I've long been fascinated by the X-Prize approach of providing substantial (but not astronomical) incentives for key breakthroughs: private sub-orbital flight, lunar landers, and most relevantly for this blog, the Progressive Automotive X-Prize for a 100 mile-per-gallon car, which began in 2006. The latter competition has been won by a trio of extremely efficient cars with very different architectures, power sources, and appearances. Splitting a $10 million prize probably won't even come close to reimbursing these teams for the cost of developing their cars, but the associated visibility should lead to some valuable opportunities. In a larger sense, the competition has served another useful purpose, In addition to furthering the technology for continuing to improve the efficiency of mainstream automobiles, it provides a gold standard reference against which to gauge the lavish claims of fuel economy we've already begun to hear from the makers of various plug-in electric vehicles.
One of the main aspects that impressed me about the Automotive X-Prize was the determination of its founders to avoid the superficial approach of merely counting how many gallons of liquid fuel each competing car burned, in favor of a comprehensive energy consumption metric, MPGe, or miles per gallon equivalent, which is based on the gasoline-equivalent energy used, regardless of source or form. MPGe gave the X-Prize judges a fair and unbiased means of comparing cars running on gasoline, ethanol, hydrogen, electricity, or any other energy carrier, onboard or offboard.
Now, as long as our primary concern is reducing our dependence on imported oil, a simple view of gallons of gasoline consumed isn't all bad. Displacing gasoline with electricity or hydrogen produced from domestic energy sources provides important benefits for energy security and our balance of trade, even if it doesn't save much actual energy in the process. One of the main arguments for vehicle electrification is that we can generate electricity in many different ways, but we can only produce gasoline or effective liquid-fuel substitutes for it in a few ways. However, in the long run, total energy consumption matters, particularly because of its strong linkage with emissions. Running a Nissan Leaf or GM Volt on electricity generated from coal--as would be the case in large swaths of the country--certainly saves oil, but it doesn't do very much for the atmosphere or climate. That's where MPGe comes in, and that's why I was pleased that the EPA and Department of Transportation have proposed something similar in their new fuel economy stickers for cars.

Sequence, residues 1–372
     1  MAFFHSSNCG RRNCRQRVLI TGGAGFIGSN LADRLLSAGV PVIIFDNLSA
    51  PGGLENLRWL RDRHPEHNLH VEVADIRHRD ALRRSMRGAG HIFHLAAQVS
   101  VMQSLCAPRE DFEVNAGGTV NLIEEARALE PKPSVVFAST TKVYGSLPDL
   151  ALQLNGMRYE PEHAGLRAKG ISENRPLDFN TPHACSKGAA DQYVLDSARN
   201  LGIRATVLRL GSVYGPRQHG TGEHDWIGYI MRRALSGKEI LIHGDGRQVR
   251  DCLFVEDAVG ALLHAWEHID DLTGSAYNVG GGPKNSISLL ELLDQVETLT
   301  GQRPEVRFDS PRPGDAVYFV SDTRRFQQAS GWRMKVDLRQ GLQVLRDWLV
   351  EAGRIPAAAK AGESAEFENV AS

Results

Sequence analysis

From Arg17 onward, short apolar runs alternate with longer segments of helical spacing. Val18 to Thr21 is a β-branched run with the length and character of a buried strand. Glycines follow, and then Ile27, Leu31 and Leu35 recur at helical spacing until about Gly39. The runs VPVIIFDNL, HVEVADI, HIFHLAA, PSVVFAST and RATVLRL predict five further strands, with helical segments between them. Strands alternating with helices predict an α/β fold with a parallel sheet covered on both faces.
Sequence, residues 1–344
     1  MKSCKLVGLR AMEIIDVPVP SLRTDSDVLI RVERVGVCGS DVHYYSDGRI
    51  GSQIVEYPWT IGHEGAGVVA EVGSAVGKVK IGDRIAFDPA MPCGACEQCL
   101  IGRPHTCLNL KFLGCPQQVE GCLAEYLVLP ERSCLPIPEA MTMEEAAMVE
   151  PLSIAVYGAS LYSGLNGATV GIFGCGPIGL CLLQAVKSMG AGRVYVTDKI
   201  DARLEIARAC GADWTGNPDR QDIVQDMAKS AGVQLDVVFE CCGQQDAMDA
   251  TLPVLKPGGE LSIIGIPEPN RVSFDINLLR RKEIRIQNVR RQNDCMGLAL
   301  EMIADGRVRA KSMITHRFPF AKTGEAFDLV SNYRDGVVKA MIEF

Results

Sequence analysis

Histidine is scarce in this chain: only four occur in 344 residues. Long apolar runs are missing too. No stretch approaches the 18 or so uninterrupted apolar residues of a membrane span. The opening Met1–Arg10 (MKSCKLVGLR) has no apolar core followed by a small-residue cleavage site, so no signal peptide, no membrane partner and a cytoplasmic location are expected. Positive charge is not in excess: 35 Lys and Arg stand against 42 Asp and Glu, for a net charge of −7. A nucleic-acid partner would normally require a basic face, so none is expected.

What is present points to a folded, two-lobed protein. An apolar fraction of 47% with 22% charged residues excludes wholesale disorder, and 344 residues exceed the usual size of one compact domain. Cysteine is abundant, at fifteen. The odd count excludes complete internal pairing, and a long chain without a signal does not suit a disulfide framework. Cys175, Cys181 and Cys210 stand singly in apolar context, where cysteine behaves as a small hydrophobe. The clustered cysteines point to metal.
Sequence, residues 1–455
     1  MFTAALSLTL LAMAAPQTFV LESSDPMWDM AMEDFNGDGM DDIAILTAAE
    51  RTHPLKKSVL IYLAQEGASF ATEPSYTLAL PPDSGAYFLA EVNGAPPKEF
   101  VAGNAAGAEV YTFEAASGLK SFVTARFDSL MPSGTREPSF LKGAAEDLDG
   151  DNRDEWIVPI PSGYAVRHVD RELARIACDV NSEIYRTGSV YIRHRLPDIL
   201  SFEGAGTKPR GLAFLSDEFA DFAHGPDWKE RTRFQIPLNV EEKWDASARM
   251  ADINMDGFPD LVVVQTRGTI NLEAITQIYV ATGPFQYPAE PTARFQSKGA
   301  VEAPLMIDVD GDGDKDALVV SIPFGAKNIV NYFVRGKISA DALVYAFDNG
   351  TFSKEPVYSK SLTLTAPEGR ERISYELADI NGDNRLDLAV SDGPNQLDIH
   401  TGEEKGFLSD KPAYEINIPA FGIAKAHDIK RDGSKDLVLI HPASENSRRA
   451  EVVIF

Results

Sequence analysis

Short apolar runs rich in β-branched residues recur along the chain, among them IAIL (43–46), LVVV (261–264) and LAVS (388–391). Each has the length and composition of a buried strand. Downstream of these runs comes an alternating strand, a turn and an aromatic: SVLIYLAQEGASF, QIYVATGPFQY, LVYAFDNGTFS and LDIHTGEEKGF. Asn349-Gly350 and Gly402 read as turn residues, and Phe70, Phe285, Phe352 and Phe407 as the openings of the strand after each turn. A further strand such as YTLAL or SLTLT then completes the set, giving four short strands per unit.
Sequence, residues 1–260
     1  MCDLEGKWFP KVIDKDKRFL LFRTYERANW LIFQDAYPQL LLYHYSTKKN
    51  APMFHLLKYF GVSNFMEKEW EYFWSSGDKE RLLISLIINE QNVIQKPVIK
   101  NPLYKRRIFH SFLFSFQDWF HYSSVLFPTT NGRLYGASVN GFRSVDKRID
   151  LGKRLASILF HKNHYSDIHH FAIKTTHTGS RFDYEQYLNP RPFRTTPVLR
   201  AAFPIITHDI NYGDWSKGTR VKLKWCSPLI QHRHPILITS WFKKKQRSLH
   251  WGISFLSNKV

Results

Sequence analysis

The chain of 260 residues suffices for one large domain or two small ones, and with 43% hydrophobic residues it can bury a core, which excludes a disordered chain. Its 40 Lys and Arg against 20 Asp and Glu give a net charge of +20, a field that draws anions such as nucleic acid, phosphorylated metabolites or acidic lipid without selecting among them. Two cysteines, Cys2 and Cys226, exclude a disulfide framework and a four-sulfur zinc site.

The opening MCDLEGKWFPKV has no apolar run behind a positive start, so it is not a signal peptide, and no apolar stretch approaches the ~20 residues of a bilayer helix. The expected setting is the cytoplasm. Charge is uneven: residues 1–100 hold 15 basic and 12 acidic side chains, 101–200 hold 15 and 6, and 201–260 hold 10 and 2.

So when you see an ad for a new plug-in car that claims that to get effectively 100, 200, or even 300 miles per gallon, you should take a careful look at it, both in terms of MPGe and the physical characteristics of the car in question. This is what a real 100 mpg 4-passenger car looks like: the 830 lb., one-cylinder engined Very Light Car of the Edison2 team--from Virginia, I might add. Or consider the 187 MPGe Wave II two-seater plug-in battery electric car from Li-ion Motors. Cars like this show what it takes to deliver that kind of efficiency on a comprehensive basis. If you're buying a plug-in production model in the next year or two, and it looks more like a normal passenger car than these do, with room for four or more passengers and equipped with all the usual accessories we've grown accustomed to, then you should recognize that while it might burn little or no fuel from petroleum, that's not the whole story.
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